Above, about 70 Japanese lawmakers visit the Yasukuni Shrine in April 2019. The shrine pays honor to war dead as well as war criminals of World War II, a fact that creates tension with China and South Korea.

A reading of court cases on religious freedom suggests that in general the basic principles instituted under the American occupation are being upheld by Japan’s courts of law. Religious freedom grants citizens the right to freely believe and practice their faith as individuals, and the judiciary tends to support those plaintiffs who demand the right to be different (Takahata 2007). The question of how to define religion as a legal concept is rarely discussed in lawsuits on religious freedom, as these are commonly resolved by reference to the status of the organization an individual adheres to: Jehovah’s Witnesses are registered as a religious juridical person and are therefore considered a religion under Japanese law. Normative assumptions about what religion means in a Japanese context can instead be found primarily in those lawsuits which deal with the principle of secularism, i.e the separation of religion from the state. Reading such lawsuits, it becomes clear that how religion is to be understood in relation to Shinto institutions and rites remains a deeply contested issue. While current Supreme Court precedence favours the view that all religious organizations should be equally understood as religion under Japanese law, this debate is far from resolved (Larsson 2017). There are many influential actors in contemporary Japan who would favour a return to what Thomas in the podcast refers to as “Japanese secularism.”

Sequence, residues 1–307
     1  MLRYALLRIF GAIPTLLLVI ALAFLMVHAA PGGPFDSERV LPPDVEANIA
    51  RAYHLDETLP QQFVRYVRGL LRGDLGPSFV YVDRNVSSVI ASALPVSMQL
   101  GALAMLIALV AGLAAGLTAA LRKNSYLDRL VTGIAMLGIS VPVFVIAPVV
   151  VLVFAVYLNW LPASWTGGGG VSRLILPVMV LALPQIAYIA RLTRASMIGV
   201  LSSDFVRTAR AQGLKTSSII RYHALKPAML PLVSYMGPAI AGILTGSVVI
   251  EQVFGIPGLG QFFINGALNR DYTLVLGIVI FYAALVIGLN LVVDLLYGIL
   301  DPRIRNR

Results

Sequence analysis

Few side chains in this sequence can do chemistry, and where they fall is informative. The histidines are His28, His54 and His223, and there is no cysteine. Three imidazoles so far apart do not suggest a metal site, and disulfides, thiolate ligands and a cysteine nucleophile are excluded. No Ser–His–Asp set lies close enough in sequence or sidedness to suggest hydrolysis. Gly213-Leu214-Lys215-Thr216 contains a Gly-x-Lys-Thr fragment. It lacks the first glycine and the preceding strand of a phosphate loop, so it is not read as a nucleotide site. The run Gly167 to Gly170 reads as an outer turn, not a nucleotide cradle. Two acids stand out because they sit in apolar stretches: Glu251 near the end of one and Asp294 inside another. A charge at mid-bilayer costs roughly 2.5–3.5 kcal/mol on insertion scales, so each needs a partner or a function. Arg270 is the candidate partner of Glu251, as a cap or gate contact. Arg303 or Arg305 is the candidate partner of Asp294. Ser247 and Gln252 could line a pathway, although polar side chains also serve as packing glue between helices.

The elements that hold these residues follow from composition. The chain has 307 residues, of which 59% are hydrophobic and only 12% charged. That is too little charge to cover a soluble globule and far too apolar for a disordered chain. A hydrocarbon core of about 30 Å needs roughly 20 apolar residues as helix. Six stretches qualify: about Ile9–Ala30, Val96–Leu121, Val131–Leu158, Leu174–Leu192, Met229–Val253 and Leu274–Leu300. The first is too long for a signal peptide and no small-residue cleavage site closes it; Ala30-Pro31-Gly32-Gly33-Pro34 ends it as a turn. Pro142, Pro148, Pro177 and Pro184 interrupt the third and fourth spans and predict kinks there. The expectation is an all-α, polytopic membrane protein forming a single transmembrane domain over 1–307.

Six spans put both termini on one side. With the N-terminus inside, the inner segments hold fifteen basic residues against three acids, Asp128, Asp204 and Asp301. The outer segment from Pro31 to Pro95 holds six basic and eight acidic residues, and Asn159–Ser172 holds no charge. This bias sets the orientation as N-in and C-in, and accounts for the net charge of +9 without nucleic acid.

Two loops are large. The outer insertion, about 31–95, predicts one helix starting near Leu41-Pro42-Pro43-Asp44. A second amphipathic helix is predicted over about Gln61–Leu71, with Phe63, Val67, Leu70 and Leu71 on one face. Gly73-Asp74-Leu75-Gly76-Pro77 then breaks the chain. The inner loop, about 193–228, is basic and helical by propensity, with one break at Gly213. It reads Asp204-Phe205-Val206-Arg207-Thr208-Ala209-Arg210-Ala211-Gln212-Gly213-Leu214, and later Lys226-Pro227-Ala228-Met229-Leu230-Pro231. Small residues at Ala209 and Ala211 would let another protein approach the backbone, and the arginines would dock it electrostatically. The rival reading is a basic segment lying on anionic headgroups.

Breen, John. “’Conventional Wisdom’ and the Politics of Shinto in Postwar Japan.” In Politics of Religion, Vol. 4, No. 1 (2010), pp. 68-82.


Directive for the Disestablishment of State Shinto from the Supreme Commander of Allied Powers (December 15, 1945). Available in Mullins, Shimazono & Swanson 1993, pp. 97-102.


Josephson, Jason Ānanda. The Invention of Religion in Japan. The University of Chicago Press, 2012.


Larsson, Ernils. “Jinja Honchō and the Politics of Constitutional Reform in Japan.” In Japan Review, No. 30 (2017), Special Issue Formations of the Secular in Japan, pp. 227-252.


Maxey, Trent E.. The “Greatest Problem”: Religion and State Formation in Meiji Japan. Harvard University Press, 2014.


Mullins, Mark R. “How Yasukuni Shrine Survived the Occupation: A Critical Examination of Popular Claims.” In Monumenta Nipponica, Vol. 65, No. 1 (Spring 2010), pp. 89-136.


Sullivan, Winnifred Fallers. The Impossibility of Religious Freedom. Princeton University Press, 2005.


Eiichiro, Takahata. “Religious Accommodation in Japan.” In Brigham Young University Law Review, Vol. 2007, No. 3 (2007), pp. 729-750.


Thomas, Jolyon B.. Faking Liberties: Religious Freedom in American-Occupied Japan. The University of Chicago Press, 2019.